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Can AMD beat the new NVIDIA GeForce GTX 1080 video card? Probably not.

Can AMD beat the new NVIDIA GeForce GTX 1080 video card? Probably not.
With the reveal of the new NVIDIA GeForce GTX 1080 video card, what can AMD do to beat them? We discuss the subject.
By: Anthony Garreffa | Editorials in Video Cards | Posted: May 8, 2016 9:58 pm

NVIDIA Has AMD In a Stranglehold... For Now

 

NVIDIA unveiled its next-gen GeForce GTX 1080 with a huge bang, with it being the first consumer-focused Pascal-based video card from the company baked on the 16nm FinFET process.

 

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It rocks some serious specs, with 2560 CUDA cores on its 16nm-based GPU, with 8GB of GDDR5X - which acts like turbocharged GDDR5. The 8GB of GDDR5X on the GTX 1080 is clocked at a huge 10GHz, up from the 7GHz on the current GDDR5-based cards like the GTX 980 or Titan X.

 

 

But the question is: can AMD compete with this? I don't think so. AMD has been placing its chess pieces regarding Polaris, into the mainstream side of the star system. There are people expecting AMD to unveil a new Fury X successor based on the 14nm node with HBM2, but you're going to be disappointed.

 

 

AMD's next-gen Radeon should use GDDR5, not GDDR5X

 

AMD's first Polaris-based video cards should arrive as the Radeon 400 series, succeeding the Hawaii/Grenada-based Radeon 200 and 300 series cards. We should expect AMD to use GDDR5, as I'd be surprised that AMD is going to use GDDR5X if they want to hit that mainstream market.

 

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The mainstream market is somewhere in the $299 range, and this is simply not possible with AMD using GDDR5X. So what should we expect? I think we'll see AMD release a new Radeon R9 490X at $299, powered by GDDR5 based on the 14nm FinFET-powered Polaris architecture.

 

The architectural benefits of Polaris should be exciting, but the Radeon R9 390X (and heck, the R9 290X) are still kick ass cards. They have 8GB of GDDR5, a large 512-bit memory bus, and handle 4K gaming without breaking too much of a sweat. So, what can AMD do with a Polaris-based successor to the 390X? Well, that depends on what 'mainstream' means, and how the cards are positioned in the market.

 

Right now, the Fiji-based Radeon R9 Fury X runs the Fiji XT GPU, with 4GB of HBM1 and is AMD's current enthusiast video card. The company may have just released its dual-GPU video card in the form of the Radeon Pro Duo, but it's not for gamers or enthusiasts. The $1499 price pushes it way outside of the affordability ballpark for most people, too.

 

So, this brings me to my question - what can AMD do? Well, if they turn away from the mission of 'we have to beat NVIDIA', and if gamers and consumers didn't want them to release yet another video card that attempts to beat the new GeForce GTX 1070/1080, things could get interesting.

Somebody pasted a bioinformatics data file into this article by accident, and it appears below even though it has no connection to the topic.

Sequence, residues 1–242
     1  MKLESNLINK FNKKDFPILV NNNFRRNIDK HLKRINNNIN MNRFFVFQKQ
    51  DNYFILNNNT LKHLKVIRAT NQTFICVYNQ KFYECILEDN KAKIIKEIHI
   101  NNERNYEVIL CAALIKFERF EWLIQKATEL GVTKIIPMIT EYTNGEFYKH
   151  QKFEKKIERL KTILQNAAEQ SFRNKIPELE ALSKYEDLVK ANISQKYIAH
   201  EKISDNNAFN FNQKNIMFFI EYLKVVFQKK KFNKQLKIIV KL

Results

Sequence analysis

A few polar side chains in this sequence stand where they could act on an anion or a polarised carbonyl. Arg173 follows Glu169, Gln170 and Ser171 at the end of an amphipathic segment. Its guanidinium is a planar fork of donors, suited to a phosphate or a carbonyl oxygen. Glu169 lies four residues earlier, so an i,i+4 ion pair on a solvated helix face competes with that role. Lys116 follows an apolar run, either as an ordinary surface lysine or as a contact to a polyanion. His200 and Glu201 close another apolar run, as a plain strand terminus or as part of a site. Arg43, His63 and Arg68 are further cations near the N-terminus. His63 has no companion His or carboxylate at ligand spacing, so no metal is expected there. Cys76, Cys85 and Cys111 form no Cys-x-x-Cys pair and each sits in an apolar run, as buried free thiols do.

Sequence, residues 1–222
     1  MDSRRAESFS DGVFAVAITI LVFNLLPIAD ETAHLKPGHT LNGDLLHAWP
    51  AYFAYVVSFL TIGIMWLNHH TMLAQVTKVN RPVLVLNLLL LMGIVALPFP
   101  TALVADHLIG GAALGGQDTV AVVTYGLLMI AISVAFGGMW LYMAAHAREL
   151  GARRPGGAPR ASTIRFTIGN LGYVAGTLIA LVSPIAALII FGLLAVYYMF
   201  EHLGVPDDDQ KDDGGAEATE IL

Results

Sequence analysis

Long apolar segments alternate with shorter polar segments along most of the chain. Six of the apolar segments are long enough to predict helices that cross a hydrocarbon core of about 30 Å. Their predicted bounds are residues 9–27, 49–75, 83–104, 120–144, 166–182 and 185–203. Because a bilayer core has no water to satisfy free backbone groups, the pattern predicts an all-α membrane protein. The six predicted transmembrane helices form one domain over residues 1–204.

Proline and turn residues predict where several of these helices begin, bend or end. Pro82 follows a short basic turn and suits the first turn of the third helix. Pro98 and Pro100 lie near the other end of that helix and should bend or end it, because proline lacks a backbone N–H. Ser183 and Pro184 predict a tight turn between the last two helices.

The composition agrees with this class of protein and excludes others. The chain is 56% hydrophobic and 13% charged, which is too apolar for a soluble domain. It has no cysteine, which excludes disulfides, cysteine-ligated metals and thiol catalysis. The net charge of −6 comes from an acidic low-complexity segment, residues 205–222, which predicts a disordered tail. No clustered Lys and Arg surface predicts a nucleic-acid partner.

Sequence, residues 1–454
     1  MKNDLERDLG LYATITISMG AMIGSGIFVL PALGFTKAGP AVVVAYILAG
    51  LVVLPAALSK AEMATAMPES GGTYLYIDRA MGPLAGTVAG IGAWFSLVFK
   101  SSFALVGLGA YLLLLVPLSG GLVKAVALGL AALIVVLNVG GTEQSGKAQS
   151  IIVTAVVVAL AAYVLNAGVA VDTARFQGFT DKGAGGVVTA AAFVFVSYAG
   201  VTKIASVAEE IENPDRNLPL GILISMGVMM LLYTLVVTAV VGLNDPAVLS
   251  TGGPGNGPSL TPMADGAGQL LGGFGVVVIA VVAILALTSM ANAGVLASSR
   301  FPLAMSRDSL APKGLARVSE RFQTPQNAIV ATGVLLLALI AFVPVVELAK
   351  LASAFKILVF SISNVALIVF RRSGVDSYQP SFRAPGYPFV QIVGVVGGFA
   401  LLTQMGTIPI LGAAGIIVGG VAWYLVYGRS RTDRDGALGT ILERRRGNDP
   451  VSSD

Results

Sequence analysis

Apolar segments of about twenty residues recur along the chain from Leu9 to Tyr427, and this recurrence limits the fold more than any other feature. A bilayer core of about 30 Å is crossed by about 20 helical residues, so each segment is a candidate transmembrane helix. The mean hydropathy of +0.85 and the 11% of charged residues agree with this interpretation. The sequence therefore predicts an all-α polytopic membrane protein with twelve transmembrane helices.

A cooler, more efficient, cheaper, Polaris-based R9 490X priced at $299 would be something that couldn't be ignored. At $299, it beats the $379 price of the GTX 1070, but it has to beat the performance of the GTX 1070.

 

At $299 for the R9 490X, we could expect 1440p 60FPS gaming with a card that doesn't exceed 70C or so, and it could be whisper quiet thanks to its 14nm FinFET-based GPU. If the R9 490X can do this, it will only be a little better than the R9 390X, so the price needs to be the alluring part of the situation.

 

But what about the card under that, the R9 490 or R9 380X/380? Well, that's the only way AMD can compete - by dropping their price now. The GTX 1080 is just an insane card, all without the use of HBM1 or even HBM2.

 

 

It Ain't Over 'Til The Fat Lady Sings

 

It's going to be an interesting few weeks with the GeForce GTX 1080 launching on May 27, right around the time that AMD will be showing off its next-generation Radeon video cards.

 

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But you know what? I want AMD to surprise me. They need to surprise me, and you, and millions of other people. AMD could come out with something that has been kept totally under wraps until now, with all of these whispers and rumors about a $299 mainstream video card being nothing but smoke and mirrors to confuse everyone.

 

If this is the case, then it's a smart move, and it could explain NVIDIA's preemptive push with the GeForce GTX 1080 - because if not, AMD could find itself floating through space, where no one can hear them scream.

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